How I Became an Accountant, with a Few Stops Along the Way

By Janice A. Page, CPA, Ball Baker Leake

Becoming an accountant didn’t occur to me until my late twenties. When I was young, I never had any aspirations and just assumed that at age 22 I would be an educated housewife, married to a doctor who would take care of me financially. I went to college for fun, studying literature and art and majoring in theatre, but I also took math and science courses, which I enjoyed. Unlike my older sister, I did not have a wedding the day after graduation. Instead, I went to Europe for three months, and, to my parents’ horror, I moved to Manhattan three months later, still unmarried.

Now what does a college-educated girl with no skills do? After rejecting numerous offers for secretarial jobs, I started telling employment agencies that I wanted the kinds of jobs that men had. That got me to a major advertising agency as an assistant TV media buyer, being wined and dined and entertained regularly. The perks were great, the job was boring, especially because I rarely watched TV. I left a year later to work in the fabric department of a major women’s pattern company. I was able to get this job because I’d been making my own clothes since I was 12. The job was fun, but I didn’t relate to the women I worked with, who felt insecure unless they were wearing a designer label. A year later I was bored again, and I realized I needed to be in a more serious field—one that would be more meaningful to society and help people.

So I began a two-year Master of Arts program in audiology and speech pathology. I had been exposed to this area as a theatre major because I was required to study anatomy, physiology of speech and hearing, and acoustics. I loved the field of study but found the day-to-day work too routine. I diagnosed hearing problems, fit hearing aids, and performed language therapy with brain-injured adults. The only way I could be more creative would be to become a director of a clinic, which would have required a PhD. I loved school, so I seriously considered this career path.

Practical thoughts now entered my mind for the first time in my life. I realized that obtaining a PhD was too costly for a field that did not have enough jobs to go around. At the clinician level, every job advertised had 300 applicants; it would only be worse at the top of the pyramid. I also felt that the field did not receive enough respect, reflected by the fact I was underpaid.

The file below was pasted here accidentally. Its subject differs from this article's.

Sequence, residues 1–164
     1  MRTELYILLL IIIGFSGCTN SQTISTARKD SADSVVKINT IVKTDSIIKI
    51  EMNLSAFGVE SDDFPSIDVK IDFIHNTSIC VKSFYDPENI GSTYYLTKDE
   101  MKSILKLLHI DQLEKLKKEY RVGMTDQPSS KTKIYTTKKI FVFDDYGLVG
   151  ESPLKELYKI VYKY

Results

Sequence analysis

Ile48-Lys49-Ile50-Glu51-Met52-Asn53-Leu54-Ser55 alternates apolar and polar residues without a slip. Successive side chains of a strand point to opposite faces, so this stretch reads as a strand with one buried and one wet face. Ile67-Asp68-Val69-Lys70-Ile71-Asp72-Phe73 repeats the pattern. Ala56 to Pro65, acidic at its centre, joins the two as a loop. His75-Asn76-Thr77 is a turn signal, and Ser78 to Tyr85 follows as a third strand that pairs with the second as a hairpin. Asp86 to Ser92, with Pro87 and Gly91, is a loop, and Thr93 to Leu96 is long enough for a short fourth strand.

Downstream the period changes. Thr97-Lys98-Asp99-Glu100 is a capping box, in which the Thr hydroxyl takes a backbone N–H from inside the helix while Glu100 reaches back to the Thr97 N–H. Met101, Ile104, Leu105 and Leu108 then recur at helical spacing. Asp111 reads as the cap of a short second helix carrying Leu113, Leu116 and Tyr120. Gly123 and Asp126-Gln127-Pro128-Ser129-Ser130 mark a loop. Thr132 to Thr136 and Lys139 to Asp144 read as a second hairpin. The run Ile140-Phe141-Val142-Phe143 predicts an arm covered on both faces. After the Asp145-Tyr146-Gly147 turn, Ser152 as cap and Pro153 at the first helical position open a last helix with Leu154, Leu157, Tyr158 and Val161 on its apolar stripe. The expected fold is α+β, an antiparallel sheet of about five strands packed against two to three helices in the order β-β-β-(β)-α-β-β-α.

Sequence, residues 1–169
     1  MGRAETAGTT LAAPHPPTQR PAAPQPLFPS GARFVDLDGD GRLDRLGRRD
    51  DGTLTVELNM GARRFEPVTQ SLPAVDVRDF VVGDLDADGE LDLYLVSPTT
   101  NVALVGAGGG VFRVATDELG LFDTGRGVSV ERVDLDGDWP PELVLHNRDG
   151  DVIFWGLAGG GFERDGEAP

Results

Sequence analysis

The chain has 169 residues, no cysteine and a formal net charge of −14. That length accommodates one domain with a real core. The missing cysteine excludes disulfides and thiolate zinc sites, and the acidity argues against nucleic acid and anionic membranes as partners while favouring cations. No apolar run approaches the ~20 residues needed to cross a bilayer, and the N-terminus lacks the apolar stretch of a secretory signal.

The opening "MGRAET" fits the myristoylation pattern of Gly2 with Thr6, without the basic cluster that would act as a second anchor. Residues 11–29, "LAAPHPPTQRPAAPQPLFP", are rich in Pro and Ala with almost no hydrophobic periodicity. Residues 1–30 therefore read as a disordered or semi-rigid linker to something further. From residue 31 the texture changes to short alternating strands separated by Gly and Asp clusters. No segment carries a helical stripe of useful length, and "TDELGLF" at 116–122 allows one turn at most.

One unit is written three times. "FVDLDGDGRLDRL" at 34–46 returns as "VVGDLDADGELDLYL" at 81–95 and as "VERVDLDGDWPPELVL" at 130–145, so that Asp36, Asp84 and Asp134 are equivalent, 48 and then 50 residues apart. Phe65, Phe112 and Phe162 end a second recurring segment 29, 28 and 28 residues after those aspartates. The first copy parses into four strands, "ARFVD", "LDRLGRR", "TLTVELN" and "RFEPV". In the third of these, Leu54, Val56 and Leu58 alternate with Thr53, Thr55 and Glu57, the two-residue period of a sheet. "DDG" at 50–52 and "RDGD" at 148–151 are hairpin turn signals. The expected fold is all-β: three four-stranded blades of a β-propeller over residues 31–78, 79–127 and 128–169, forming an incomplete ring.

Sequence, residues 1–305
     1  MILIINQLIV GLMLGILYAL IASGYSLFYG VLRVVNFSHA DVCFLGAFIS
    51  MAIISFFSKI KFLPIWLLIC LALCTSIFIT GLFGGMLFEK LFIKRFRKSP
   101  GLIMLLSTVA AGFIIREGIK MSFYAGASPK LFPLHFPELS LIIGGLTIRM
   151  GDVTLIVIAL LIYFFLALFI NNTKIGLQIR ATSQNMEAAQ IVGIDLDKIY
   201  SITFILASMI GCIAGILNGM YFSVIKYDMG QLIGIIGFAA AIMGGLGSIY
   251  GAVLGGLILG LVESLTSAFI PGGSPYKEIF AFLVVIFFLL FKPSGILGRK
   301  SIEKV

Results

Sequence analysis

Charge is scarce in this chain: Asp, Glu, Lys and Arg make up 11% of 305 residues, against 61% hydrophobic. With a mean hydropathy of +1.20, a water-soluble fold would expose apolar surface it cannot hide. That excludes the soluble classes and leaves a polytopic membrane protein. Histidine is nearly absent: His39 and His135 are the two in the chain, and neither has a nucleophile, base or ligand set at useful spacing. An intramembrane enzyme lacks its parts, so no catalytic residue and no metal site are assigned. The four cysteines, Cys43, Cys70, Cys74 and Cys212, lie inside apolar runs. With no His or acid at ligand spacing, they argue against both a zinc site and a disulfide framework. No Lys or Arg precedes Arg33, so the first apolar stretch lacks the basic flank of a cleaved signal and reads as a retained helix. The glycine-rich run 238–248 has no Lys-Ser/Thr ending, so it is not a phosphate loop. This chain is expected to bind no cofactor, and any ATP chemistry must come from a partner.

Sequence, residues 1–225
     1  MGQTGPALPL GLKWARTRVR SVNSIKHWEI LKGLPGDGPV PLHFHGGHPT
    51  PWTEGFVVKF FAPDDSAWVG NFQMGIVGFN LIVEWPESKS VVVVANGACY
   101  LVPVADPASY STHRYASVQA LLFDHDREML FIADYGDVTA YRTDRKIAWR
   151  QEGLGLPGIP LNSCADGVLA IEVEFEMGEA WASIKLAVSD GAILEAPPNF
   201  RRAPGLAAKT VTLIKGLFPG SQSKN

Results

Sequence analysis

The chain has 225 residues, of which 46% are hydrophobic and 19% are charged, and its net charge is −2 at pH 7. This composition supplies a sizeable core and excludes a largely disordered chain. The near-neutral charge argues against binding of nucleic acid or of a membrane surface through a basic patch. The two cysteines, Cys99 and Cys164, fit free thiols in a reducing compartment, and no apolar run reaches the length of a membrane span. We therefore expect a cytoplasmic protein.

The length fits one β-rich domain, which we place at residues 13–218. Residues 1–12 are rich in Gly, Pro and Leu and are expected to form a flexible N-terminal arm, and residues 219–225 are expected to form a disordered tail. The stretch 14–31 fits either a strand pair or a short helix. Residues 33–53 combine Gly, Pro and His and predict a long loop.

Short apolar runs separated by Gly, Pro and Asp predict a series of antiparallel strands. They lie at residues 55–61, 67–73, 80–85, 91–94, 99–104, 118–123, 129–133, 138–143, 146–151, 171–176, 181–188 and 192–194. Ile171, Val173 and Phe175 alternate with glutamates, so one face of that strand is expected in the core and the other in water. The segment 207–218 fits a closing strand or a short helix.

I reasoned that if I needed to go back to school to be happy, there was no reason that I couldn’t change careers. I spent the next year considering all kinds of professions: textile design, botany, law, medicine, dentistry. My boyfriend, a math professor, suggested I become an accountant. He knew that I loved playing with numbers because I regularly took the exams he gave his students. I had no idea what an accountant did, so I took one course in accounting at a local college. Now, this was fun, I thought: Just change your depreciation method and you change your profit. For the first time I had some understanding of how business could be interesting.

The accounting profession now became a serious alternative. I thought it would satisfy my need to be involved in a dynamic field, keeping me from becoming bored. It would challenge me intellectually. It had the potential to be more financially rewarding than audiology and speech pathology. And I could still help people, but as an accountant I would be helping them with their money rather than with their communication skills.

I obtained my MBA from New York University, I have been working as a CPA for more than 20 years, and—you won’t believe this—I still love it. I’m never bored and all my original considerations have been satisfied. Currently, I’m a partner with the public accounting firm of Ball Baker Leake, in New York City having merged my own practice with them two years ago.

Besides eventually getting married and having a son, entering this profession was the best decision I ever made.

Editor’s Note: Most of the CPAs who responded to my “Would you do it over again?” question posed last year could point to a fairly linear path that led them to the accounting field. This month’s guest columnist took a less direct route than most, but she learned about her strengths and weaknesses along the way, absorbing anything she might be able to apply later—including guidance from people who are successful and happy in their own careers.
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